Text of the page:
QC Compliance and Environmental Isolates

by | Pharmaceutical

Publish Date: October 10, 2023

Why are many laboratories incorporating Environmental (a.k.a. In-House) Isolates in their Quality Control testing?

There has been a shift in the industry regarding the inclusion of environmental isolates as test strains utilized for microbiological assays. Omission of environmental isolates from a laboratory’s QC test strain panel has increasingly resulted in findings from regulatory authorities. Environmental or Wild Type strains can adapt and survive harsh cleanroom environments and disinfectants. In addition to specified organisms, many laboratories have incorporated environmental isolates in their culture media qualification, disinfectant efficacy, antimicrobial effectiveness and method validation testing. This approach provides a more comprehensive challenge to a laboratory’s methods and materials and therefore minimizes the risk of not detecting harmful pathogens in product release testing. While having a robust testing panel mitigates risk, it also poses some challenges. Storing and maintaining environmental isolates in-house poses risks for strain mutation or cross-contamination. There is also risk of losing viability of the organism. Additionally, manually preparing and enumerating microbial suspensions can be problematic and laborious, requiring a more skilled microbiologist.

How does Annex 1 relate to Quality Control in Environmental Monitoring?

The European Commission released a revision to the EU GMP Annex 1 “Manufacture of Sterile Medicinal Products”, which will be enforced beginning 25 August 2023, exactly one year after its publication. The revisions focus on minimizing risk with added Contamination Controls Strategy (CCS) measures which outline how Quality Risk Management (QRM) will be applied. Continuous environmental monitoring is highly emphasized in this revision as a means for identifying and controlling microbial risk. A common practice for minimizing contamination risk is to evaluate sampling methods intended to recover environmental isolates. EU GMP Annex 1, Section 10, “Quality Control (QC),” subsection 10.9, has been expanded to read, “Media used for environmental monitoring and APS should be tested for growth promotion before use, using a scientifically justified and designated group of reference microorganisms and including suitably representative local isolates.” This section now requires an evaluation of sampling methods used in the recovery of contaminates. The prior revision read, “Media used for environmental monitoring and APS should be tested for its growth promotion capability, in accordance with a formal written program.” A best practice for ensuring recovery of all potential contaminants in a facility is by conducting routine Growth Promotion testing (GPT) of your culture media. This testing should include all compendial strains, as well as environmental isolates, to better assess the microbiological quality of the media. Determining which environmental isolates to use depends on what data trends show, and what risk the organism has on the product.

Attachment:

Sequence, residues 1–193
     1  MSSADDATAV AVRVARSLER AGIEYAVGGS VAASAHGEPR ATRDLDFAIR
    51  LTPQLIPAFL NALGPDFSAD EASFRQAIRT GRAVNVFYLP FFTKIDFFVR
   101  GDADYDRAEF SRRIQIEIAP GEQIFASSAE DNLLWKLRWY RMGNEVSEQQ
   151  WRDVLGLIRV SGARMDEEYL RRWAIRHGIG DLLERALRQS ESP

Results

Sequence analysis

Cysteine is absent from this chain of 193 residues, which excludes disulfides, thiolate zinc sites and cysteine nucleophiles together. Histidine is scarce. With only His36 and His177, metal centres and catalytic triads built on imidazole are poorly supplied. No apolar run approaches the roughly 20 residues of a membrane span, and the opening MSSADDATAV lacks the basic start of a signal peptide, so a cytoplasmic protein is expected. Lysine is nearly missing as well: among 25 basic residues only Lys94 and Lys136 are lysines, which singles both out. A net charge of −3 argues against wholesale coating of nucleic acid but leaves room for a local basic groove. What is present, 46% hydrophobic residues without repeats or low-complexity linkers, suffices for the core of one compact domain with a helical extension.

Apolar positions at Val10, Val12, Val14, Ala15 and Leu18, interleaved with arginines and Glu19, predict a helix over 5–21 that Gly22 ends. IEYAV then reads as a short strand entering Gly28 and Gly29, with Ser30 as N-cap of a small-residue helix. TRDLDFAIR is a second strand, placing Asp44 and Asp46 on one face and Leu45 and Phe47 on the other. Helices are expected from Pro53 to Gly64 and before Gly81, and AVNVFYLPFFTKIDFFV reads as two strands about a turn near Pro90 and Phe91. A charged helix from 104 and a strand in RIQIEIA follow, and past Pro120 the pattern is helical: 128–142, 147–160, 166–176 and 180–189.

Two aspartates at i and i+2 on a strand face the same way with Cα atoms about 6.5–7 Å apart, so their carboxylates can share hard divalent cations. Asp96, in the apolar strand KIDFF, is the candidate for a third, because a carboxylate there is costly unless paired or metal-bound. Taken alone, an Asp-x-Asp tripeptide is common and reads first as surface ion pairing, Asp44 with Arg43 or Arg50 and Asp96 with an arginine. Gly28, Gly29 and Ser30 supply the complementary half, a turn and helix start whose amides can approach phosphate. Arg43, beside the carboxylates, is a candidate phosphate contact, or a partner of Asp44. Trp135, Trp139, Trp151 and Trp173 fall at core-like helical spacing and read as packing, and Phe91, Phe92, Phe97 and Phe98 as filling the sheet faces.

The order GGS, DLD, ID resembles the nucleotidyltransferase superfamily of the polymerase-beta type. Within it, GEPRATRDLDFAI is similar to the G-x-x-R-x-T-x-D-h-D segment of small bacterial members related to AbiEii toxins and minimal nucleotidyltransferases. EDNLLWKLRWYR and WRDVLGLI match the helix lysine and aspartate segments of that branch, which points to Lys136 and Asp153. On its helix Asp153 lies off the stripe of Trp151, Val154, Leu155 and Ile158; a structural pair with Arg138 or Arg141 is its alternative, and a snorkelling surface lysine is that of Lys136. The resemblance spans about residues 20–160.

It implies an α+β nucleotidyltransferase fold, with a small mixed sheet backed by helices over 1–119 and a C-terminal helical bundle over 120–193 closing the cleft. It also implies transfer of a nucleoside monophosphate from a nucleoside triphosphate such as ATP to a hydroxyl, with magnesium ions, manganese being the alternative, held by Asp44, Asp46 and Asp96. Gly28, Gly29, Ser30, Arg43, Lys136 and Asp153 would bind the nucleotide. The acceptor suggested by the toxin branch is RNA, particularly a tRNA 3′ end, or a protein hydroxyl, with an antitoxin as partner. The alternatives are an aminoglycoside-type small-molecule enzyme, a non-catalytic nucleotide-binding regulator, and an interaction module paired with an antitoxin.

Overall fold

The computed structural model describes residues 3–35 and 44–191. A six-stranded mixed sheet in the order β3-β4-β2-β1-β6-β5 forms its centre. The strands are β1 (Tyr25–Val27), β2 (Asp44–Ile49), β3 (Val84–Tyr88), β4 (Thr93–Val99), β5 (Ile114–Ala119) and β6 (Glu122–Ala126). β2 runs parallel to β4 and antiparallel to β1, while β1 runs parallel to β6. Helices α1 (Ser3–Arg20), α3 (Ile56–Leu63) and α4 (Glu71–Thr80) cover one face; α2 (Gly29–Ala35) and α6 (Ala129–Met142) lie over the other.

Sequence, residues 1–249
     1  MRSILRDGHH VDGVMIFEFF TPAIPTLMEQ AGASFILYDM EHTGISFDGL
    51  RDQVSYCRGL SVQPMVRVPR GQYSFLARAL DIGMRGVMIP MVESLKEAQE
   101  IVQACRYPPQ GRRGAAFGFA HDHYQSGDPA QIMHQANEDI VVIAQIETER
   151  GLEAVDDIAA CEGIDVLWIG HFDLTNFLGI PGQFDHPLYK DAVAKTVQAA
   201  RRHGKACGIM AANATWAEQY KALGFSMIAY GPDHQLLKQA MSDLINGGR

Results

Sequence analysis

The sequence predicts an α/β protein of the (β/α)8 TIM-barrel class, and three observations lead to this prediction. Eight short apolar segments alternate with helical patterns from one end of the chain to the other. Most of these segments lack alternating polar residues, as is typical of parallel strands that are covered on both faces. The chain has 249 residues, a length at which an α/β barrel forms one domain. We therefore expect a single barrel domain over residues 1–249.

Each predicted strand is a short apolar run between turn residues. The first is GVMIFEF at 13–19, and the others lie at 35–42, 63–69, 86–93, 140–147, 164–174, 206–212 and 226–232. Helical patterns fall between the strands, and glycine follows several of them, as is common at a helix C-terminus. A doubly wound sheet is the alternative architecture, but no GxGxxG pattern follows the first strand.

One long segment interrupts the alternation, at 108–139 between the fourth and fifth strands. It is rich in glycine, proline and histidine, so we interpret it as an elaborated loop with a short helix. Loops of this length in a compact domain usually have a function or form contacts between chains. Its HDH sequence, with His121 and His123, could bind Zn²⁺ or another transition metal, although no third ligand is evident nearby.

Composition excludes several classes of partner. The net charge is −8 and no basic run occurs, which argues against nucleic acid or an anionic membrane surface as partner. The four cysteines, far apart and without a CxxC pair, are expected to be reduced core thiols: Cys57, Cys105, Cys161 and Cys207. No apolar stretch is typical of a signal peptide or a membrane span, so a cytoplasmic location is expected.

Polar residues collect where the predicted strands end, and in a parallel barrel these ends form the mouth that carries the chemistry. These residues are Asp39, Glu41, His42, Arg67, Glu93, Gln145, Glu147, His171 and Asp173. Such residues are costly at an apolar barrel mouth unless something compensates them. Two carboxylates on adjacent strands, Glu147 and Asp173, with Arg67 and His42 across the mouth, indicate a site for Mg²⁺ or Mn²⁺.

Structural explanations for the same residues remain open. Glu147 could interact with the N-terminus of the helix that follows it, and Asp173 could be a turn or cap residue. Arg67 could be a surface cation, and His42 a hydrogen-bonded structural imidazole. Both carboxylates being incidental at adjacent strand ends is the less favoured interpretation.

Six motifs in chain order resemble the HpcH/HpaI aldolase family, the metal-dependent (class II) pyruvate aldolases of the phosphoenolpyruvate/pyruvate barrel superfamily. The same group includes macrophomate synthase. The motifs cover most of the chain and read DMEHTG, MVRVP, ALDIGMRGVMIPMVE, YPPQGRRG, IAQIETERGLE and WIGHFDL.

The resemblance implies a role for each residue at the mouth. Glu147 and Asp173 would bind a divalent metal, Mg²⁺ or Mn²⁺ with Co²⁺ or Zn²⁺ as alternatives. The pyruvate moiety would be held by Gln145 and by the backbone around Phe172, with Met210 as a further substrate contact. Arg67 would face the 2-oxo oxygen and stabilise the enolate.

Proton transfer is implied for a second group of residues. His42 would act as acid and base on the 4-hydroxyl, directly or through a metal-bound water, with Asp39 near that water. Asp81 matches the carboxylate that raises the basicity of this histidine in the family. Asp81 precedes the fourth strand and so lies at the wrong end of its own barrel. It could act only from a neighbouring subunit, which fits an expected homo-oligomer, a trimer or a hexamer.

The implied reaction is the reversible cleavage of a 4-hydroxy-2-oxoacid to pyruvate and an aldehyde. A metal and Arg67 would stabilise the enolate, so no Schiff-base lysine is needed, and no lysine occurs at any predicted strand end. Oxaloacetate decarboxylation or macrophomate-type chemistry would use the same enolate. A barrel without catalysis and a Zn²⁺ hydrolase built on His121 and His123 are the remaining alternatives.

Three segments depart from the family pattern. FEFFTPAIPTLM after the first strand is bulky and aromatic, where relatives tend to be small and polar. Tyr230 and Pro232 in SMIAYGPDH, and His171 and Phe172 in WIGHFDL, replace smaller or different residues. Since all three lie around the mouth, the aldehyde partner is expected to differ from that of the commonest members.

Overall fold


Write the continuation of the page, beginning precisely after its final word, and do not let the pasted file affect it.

How can Microbiologics help laboratories incorporate recovered environmental isolates in their QC test strain panel?

Maintaining environmental isolates and objectionable organisms in-house can consume significant laboratory time and resources. In addition, strains may be difficult to grow, preserve and enumerate for specific applications. We offer end-to-end services that simplify microbiological quality control for our customers. Our team of experts will identify, preserve, and manufacture your environmental isolates or target objectionable organisms into a test-ready control format designed for your test methods. Microbiologics custom controls will help your lab reduce cost, minimize risk, and increase confidence in your microbiological quality control program. Visit microbiologics.com/the-perfect-pairing to learn more.

Written by Brianna DeWitt

Brianna DeWitt joined the Microbiologics team in 2019 and currently serves as the Industrial Product Manager. She attended Saint Cloud State University where she earned a Bachelor of Science degree in Communication Studies. From there, Brianna went on to receive a Master of Public Health in Epidemiology from North Dakota State University.

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